Somehow, I have managed to not pull every hair out of my head this past week! Who knew moving a blog from one server to another could be so harrowing? Car accidents are harrowing, not blog migrations. Well, I have come out the other side, and I am a stronger woman for it! (OK, not really, but I like how dramatic that sentence reads.)
Last week I hopped on a plane headed to New York for a little relaxation and the International Association of Culinary Professionals annual conference. New York is the perfect place to hold a culinary conference, with the bounty of food there, from the street vendors making gyros to ultra high-end restaurants. While there, my blog was moved, got infected by a virus, died and was finally resurrected! (I must have Easter on my mind because that sure sounds familiar. . .)
I wanted to do a fabulous recipe for Easter, but that ball dropped as I was juggling all the other ones. This recipe was originally posted 2 years ago, but a good Leg of Lamb recipe is evergreen!
If you are a brisket fan, I wrote a guest post for The Shiksa in the Kitchen blog for #passoverpotluck. A diverse group of bloggers, both Jewish and not, contributed recipes for Passover. I did a Slow Cooker Brisket with Chipotle-Cranberry Sauce, that is not only good for Passover, but Easter or anytime. Head over to Tori’s blog for a lot of great recipes, including my favorite pancake recipe!
Although lamb is one of my favorite types of meat, I do not eat it that often. Whether it is a slow braised lamb shank, a succulent lamb chop or teeny lamb ribs, I like to eat it in all forms. But a nice roasted leg of lamb is always a special treat. Bone in or out, a leg of lamb is a roast often served at Easter dinner. Spring lamb signifies rebirth and renewal, not to mention Spring is when all those cute little lambs are born. I think lambs are so adorable, and you would think I would have a lot more guilt eating the darling creatures, but no. I am a true omnivore.
While browsing the aisles of my local Costco, something I do more often than my bank account likes, I found a boneless leg of lamb, all ready for the oven! It was trimmed and wrapped and calling my name. So into the cart it went, alongside the 500 rolls of toilet paper, 10 pounds of Sumatra coffee beans, multiple bottles of red wine and jumbo pack of Huggies pull-ups.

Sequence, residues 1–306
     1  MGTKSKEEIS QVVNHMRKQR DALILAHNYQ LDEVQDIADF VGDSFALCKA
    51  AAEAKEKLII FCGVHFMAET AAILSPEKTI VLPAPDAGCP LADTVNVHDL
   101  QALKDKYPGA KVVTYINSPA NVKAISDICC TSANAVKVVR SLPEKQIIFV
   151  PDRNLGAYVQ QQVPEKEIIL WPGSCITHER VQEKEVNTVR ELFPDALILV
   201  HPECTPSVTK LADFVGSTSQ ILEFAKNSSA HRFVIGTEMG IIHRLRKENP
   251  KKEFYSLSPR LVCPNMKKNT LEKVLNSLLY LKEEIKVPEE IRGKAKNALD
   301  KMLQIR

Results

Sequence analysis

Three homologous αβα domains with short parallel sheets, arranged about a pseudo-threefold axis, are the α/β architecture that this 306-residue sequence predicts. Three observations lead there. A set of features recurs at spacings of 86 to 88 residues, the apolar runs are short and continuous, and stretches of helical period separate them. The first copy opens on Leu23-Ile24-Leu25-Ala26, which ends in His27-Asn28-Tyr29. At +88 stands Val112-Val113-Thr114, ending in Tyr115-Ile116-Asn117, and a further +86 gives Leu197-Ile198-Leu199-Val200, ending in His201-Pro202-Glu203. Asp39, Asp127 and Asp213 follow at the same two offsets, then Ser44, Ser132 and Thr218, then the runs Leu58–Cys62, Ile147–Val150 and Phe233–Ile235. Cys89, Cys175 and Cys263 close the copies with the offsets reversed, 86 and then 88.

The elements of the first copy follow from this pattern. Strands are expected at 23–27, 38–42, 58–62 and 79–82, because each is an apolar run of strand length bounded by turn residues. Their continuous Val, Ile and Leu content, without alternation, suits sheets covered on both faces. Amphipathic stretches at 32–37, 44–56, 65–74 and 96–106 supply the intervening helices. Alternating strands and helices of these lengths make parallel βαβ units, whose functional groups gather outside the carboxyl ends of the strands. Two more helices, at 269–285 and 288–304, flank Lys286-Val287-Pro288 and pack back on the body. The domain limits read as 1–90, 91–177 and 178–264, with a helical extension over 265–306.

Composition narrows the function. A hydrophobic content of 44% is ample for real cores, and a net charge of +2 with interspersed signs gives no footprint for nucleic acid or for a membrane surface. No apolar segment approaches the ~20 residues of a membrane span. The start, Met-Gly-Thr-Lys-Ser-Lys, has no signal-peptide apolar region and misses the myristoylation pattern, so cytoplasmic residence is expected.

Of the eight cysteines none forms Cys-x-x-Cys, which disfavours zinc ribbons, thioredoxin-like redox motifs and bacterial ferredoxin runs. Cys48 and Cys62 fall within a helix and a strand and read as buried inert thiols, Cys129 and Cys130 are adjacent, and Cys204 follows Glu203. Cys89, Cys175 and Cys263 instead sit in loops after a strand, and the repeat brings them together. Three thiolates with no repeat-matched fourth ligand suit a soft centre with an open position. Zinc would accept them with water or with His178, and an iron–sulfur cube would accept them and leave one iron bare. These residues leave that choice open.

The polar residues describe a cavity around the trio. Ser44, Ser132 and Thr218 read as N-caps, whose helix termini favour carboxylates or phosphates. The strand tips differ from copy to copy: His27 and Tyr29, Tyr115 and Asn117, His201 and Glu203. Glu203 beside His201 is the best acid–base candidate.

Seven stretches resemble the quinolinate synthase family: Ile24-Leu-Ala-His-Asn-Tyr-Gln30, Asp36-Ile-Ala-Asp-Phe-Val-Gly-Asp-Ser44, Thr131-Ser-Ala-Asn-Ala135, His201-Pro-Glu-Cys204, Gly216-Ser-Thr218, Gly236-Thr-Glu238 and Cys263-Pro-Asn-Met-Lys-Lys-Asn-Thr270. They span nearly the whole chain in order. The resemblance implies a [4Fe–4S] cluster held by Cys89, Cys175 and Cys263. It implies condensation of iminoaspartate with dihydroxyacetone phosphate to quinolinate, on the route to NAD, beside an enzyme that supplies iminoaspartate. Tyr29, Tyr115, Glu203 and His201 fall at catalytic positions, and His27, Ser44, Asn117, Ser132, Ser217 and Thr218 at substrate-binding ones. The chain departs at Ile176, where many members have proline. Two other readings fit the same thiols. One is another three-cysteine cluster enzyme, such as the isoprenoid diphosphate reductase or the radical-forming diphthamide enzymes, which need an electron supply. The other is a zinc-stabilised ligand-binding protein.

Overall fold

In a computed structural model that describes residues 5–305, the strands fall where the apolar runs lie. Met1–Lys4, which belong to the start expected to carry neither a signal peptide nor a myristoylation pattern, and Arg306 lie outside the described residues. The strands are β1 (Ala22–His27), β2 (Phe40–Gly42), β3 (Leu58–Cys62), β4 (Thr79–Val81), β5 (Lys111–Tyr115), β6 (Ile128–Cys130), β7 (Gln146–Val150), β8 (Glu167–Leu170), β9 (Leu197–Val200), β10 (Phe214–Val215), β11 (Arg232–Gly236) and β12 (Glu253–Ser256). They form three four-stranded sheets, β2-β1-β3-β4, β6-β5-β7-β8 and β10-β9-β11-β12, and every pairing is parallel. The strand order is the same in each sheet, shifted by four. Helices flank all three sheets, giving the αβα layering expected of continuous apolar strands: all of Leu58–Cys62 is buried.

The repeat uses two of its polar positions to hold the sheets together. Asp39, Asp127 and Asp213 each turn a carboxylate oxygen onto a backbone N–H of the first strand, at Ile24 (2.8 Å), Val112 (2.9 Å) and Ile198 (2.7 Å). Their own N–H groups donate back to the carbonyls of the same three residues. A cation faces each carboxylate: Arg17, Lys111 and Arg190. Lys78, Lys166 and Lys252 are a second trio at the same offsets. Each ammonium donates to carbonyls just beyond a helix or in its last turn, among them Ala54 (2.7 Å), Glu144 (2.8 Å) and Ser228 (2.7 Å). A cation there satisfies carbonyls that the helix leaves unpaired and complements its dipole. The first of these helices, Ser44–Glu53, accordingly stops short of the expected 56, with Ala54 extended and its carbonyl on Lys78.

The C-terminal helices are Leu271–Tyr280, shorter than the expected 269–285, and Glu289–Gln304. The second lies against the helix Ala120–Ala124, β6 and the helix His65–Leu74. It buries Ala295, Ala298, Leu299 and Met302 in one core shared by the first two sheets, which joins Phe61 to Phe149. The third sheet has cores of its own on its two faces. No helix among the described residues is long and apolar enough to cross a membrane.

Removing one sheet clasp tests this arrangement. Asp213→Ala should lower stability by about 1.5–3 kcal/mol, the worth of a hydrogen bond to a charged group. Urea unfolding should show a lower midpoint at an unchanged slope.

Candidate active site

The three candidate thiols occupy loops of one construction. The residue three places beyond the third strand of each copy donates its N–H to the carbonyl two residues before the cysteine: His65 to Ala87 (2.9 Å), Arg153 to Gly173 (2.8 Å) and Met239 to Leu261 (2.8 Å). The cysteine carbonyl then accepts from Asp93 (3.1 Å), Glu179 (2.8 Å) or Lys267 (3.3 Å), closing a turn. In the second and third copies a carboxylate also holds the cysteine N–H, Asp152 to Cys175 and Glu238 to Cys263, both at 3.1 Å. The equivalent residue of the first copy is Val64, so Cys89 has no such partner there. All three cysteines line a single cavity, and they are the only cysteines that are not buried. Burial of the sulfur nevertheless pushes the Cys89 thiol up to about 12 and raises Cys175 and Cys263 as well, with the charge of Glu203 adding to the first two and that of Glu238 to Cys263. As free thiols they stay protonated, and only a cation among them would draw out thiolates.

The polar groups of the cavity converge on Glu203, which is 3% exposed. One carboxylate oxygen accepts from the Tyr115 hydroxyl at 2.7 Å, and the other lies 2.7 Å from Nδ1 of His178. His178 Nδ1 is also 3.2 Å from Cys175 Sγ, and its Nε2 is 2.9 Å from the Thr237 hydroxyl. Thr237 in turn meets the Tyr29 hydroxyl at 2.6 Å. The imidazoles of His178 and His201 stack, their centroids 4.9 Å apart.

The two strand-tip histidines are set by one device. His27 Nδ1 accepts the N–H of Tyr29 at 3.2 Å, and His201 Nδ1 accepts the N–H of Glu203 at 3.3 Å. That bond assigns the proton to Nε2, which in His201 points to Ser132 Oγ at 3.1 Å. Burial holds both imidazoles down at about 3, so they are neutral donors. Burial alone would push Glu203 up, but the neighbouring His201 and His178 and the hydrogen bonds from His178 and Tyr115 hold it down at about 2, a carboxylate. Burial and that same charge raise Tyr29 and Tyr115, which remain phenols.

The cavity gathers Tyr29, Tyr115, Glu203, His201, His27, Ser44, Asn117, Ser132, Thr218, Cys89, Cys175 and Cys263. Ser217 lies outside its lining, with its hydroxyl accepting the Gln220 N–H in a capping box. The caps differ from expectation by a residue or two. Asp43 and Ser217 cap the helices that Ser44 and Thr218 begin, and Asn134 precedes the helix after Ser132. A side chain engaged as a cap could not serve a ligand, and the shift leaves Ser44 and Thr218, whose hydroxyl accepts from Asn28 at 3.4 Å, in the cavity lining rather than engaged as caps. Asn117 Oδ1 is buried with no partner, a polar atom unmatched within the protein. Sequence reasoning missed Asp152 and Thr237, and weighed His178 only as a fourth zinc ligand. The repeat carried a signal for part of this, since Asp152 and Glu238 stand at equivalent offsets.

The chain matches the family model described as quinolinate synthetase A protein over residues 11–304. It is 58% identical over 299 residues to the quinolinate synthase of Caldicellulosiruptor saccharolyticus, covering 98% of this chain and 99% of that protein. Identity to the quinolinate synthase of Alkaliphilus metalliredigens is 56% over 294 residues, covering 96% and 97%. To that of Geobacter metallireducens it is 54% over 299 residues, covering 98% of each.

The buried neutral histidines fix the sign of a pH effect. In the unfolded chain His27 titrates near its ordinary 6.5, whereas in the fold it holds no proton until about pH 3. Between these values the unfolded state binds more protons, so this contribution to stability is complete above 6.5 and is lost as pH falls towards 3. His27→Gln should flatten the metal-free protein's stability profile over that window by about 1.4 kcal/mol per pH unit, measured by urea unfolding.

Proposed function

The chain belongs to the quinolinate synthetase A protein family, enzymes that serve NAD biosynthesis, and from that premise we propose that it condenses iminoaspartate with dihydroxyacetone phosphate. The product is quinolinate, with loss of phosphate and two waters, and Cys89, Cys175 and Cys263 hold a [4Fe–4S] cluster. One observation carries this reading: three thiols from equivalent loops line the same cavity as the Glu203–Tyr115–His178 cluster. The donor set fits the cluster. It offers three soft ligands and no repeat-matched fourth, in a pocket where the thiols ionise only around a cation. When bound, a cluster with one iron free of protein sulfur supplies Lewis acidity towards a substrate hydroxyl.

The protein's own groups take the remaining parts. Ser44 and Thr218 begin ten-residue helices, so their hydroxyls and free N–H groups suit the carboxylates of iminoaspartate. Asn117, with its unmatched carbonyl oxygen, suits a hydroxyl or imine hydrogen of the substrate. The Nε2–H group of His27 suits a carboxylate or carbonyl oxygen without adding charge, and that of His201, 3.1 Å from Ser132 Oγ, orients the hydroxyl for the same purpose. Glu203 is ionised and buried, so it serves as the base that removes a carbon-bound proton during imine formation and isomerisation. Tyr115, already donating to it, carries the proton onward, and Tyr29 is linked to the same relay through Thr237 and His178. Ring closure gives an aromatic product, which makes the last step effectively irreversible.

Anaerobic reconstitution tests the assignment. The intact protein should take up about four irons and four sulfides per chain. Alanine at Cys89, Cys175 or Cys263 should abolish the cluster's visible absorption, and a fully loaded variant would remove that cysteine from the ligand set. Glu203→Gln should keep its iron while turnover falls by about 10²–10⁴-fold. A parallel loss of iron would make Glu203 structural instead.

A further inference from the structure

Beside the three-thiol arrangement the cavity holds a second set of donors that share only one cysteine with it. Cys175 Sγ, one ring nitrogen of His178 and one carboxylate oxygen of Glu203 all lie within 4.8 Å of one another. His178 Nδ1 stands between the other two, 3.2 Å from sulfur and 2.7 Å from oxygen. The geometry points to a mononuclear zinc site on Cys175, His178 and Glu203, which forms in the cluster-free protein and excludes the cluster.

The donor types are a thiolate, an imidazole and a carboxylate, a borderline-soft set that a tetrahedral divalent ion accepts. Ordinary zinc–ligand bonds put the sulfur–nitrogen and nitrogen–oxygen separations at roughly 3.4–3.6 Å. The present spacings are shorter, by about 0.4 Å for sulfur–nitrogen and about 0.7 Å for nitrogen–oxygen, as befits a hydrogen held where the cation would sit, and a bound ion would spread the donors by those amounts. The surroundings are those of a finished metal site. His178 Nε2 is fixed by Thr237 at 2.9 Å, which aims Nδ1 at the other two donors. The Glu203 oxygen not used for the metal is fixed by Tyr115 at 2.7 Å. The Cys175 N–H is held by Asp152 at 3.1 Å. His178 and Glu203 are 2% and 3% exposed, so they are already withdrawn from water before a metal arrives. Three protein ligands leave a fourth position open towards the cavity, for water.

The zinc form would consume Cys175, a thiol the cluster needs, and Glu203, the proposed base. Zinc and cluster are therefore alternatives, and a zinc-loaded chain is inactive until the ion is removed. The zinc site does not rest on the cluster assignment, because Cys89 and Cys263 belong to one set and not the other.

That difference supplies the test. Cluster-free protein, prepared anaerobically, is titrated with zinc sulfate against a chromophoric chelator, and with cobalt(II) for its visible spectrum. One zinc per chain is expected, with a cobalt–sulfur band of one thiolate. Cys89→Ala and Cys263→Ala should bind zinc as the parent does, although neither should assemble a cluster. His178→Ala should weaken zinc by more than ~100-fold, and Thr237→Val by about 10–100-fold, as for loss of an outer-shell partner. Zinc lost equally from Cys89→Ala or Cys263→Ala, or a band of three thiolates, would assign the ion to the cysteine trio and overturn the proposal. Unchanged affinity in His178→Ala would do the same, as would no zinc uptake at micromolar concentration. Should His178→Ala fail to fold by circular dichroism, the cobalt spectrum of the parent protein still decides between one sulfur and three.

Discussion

I was given a fabulous bottle of Lemon olive oil for Christmas, and decided to go really simple and just drizzle the lamb with the oil. Then I thought I should use up some of the abundance of Meyer lemons from my tree, so I zested a couple. Next thing you know my simple lamb idea was out the window, and garlic, oregano and red pepper were in. Oh well…
Lemon-Oregano Leg of Lamb
1/3 cup Lemon olive oil, or plain extra virgin olive oil
4-5 cloves garlic, chopped
1 TB fine Meyer lemon zest (I used a microplane zester)
2 tsp dried oregano, preferable Mexican
1 1/2 tsp sea salt
1/2 tsp crushed red pepper
4 lb boneless leg of lamb, tied
2 lbs new potatoes (optional)
2 cups baby carrots (optional)
In a small bowl combine the olive oil, garlic, lemon zest, oregano, salt and red pepper.
Rub the lamb with the marinade, cover and refrigerate overnight, or at least 8 hours.
When you are ready to cook your lamb, remove it from the refrigerator and let it sit at room temperature for an hour. Place the lamb into a large roasting pan. I added whole potatoes that I tossed in a little olive oil, salt and pepper to the pan also. This is optional, but does take care of one side dish with not a lot of extra effort. I like “not a lot of extra effort.”
Roast the lamb in a preheated 350 degree oven for one hour. If adding the optional vegetable, add your carrots now. You do not need to toss them with oil, just toss them into the pan.
Continue to roast the lamb for another 20 minutes, or until the internal temperature measures at least 145 – 150 degrees for medium rare. If you like your lamb more done, roast until temperature is 160 degrees. Remember, meat continues to cook even after it is out of the oven and resting. Let the roast sit for 20 – 30 minutes before you slice it, so the juices have time to reabsorb.
A bold red wine pairs very nicely with this roast. Then again, a bold red wine pairs nicely with air if you ask me…